Last Mile Delivery! What is your Strategy?
Amazon has set the benchmark for Last Mile Delivery. With massive Distribution Centres within a short distance of every major population centre they are able to offer fast delivery of virtually any product they sell. The Amazon Prime Now service promises delivery within 1 hour.
Amazon Fresh is their grocery delivery option and with their Whole Foods acquisition they are obviously planning for rapid delivery. Amazon Go is their Retail store option. Amazon Key is their in home delivery service. And the Amazon promise of drone delivery will further cement their leadership in the Last Mile Delivery race.
So how do you compete with that? What are your options? And what is your Strategy?
The Amazon Last Mile Delivery Benchmark
First and foremost your Last Mile Delivery Strategy should start with what is important to your customer. Certainly Amazon is driving to shape the E-Commerce landscape as well as customer expectations around the importance of rapid, last mile delivery. But is rapid delivery the factor that is most important to your customers?
Amazon Prime provides for free shipping although you must pay an annual fee for this “free”service. And by having their Distribution Centres close to major urban centres they can delivery quickly regardless. All of this is part of a very deliberate strategy on Amazon’s part to get customers to believe that they must have fast delivery. They are basically defining for customers what those customers want. Further their size and scale position Amazon as one of their very, very few companies who can meet those expectations.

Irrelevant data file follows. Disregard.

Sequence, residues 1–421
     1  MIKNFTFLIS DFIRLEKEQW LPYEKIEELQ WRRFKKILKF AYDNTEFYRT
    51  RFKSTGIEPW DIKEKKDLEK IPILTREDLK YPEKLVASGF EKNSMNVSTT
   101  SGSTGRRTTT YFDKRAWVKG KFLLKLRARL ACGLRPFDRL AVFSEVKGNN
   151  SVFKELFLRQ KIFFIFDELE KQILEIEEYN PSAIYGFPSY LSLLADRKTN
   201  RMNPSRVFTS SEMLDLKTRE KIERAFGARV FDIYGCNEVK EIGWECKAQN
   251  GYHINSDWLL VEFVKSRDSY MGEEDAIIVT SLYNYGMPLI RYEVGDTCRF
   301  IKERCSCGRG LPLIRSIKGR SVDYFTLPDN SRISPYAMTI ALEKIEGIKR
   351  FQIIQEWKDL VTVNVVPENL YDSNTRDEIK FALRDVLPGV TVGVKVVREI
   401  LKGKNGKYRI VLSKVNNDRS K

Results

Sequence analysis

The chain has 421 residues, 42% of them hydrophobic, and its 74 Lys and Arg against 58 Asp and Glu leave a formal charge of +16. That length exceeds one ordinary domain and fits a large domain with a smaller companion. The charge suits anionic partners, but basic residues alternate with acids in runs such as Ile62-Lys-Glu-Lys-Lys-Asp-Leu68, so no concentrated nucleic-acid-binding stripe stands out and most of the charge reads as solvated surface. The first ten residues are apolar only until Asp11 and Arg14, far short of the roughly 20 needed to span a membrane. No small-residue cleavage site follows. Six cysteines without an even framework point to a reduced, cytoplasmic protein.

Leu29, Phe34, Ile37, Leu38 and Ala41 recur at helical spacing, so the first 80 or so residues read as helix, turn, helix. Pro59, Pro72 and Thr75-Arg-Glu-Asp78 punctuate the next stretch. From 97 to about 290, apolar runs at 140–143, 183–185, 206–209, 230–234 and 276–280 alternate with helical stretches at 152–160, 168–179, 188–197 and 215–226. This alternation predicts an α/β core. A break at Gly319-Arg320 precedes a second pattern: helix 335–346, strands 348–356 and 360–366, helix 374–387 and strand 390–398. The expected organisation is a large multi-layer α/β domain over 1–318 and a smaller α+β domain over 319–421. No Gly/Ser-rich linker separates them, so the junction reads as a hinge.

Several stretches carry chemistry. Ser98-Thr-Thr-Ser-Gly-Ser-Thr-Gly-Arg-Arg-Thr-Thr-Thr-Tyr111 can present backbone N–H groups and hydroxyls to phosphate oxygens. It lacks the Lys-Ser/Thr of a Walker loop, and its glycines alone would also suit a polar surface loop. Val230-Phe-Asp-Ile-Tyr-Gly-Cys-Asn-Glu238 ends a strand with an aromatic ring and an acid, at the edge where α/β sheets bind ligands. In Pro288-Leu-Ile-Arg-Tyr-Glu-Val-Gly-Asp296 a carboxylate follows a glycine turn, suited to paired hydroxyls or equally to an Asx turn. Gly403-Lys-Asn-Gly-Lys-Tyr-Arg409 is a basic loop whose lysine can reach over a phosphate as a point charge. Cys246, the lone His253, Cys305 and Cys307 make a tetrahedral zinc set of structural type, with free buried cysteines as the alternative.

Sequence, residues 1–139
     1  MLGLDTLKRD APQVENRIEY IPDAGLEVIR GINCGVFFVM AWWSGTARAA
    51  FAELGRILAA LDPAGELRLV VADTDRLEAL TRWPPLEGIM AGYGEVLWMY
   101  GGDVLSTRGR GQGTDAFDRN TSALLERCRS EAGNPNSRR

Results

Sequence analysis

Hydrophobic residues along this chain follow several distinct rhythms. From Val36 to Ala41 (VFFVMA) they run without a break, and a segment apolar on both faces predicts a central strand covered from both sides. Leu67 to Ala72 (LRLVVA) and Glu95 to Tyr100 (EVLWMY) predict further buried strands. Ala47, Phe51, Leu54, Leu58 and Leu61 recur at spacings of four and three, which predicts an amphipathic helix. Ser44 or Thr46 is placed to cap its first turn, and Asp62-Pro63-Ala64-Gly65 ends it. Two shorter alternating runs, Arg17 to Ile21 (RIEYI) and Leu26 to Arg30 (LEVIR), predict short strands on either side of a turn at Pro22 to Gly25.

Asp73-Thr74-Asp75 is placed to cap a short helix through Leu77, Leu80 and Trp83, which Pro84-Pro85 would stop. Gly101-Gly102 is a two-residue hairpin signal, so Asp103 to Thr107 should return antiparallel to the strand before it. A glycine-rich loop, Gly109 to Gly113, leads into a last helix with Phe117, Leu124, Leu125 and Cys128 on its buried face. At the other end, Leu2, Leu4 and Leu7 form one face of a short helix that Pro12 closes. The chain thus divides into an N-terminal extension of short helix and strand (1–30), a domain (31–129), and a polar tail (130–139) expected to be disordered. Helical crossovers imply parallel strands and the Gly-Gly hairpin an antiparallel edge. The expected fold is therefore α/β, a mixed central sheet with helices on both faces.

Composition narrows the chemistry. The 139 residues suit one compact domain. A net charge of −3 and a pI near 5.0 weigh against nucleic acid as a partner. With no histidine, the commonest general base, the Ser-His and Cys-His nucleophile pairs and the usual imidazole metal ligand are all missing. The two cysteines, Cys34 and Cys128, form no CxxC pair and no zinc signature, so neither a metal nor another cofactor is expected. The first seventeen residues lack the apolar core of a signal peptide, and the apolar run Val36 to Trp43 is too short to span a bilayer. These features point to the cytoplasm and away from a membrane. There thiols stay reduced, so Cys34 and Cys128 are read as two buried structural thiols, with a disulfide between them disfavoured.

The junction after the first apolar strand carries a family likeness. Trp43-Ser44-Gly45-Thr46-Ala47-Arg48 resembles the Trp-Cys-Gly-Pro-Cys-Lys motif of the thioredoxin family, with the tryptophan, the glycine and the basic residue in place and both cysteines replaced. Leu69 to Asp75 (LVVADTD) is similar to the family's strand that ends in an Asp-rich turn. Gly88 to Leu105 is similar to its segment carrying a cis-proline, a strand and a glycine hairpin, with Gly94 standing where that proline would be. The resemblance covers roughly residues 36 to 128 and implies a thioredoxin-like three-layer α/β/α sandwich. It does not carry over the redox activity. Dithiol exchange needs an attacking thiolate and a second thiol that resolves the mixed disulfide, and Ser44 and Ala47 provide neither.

Those customer expectations for fast, free delivery are being reinforced each and every day. Ten to twenty years ago the promise of fast or free delivery was more of an aspiration. Now it has become a customer expectation. For every category that Amazon adds to their portfolio their competitors are now faced with having to offer a similar capability. When Amazon started offering free delivery on books the book retailers had no choice but to similarly offer a free delivery capability. This has been repeated for every category that Amazon devours.
The last mile delivery bar has been set very high. eMarketer reports that 61% of internet users in the U.S. would pay to receive their purchases on the day of order. Small Business Trends reports that 28% of online shoppers will abandon their purchases if shipping costs are perceived as being excessive.
Yet we also know that Amazon’s shipping costs are 18.5% of net product sales (in their most recent quarter) as compared to their shipping revenues which are 10.5% of net product sales. Who else can afford to take such an enormous margin impact just to provide free or fast delivery?
What is your Last Mile Delivery Strategy?
Certainly one option that is available for companies is to use the Fulfillment by Amazon service. For a set of fees you can have your product advertised on Amazon’s website and fulfilled out of their vast network of Distribution Centres.